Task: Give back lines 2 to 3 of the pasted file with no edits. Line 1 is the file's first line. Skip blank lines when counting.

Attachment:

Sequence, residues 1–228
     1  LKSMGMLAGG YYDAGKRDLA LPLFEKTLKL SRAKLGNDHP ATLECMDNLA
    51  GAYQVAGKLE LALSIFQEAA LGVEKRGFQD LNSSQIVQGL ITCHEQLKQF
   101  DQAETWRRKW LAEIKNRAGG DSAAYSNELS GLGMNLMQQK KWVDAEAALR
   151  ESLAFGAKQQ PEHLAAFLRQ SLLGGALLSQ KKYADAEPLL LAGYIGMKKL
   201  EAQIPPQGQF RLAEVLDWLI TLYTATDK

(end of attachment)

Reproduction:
     1  LKSMGMLAGG YYDAGKRDLA LPLFEKTLKL SRAKLGNDHP ATLECMDNLA
    51  GAYQVAGKLE LALSIFQEAA LGVEKRGFQD LNSSQIVQGL ITCHEQLKQF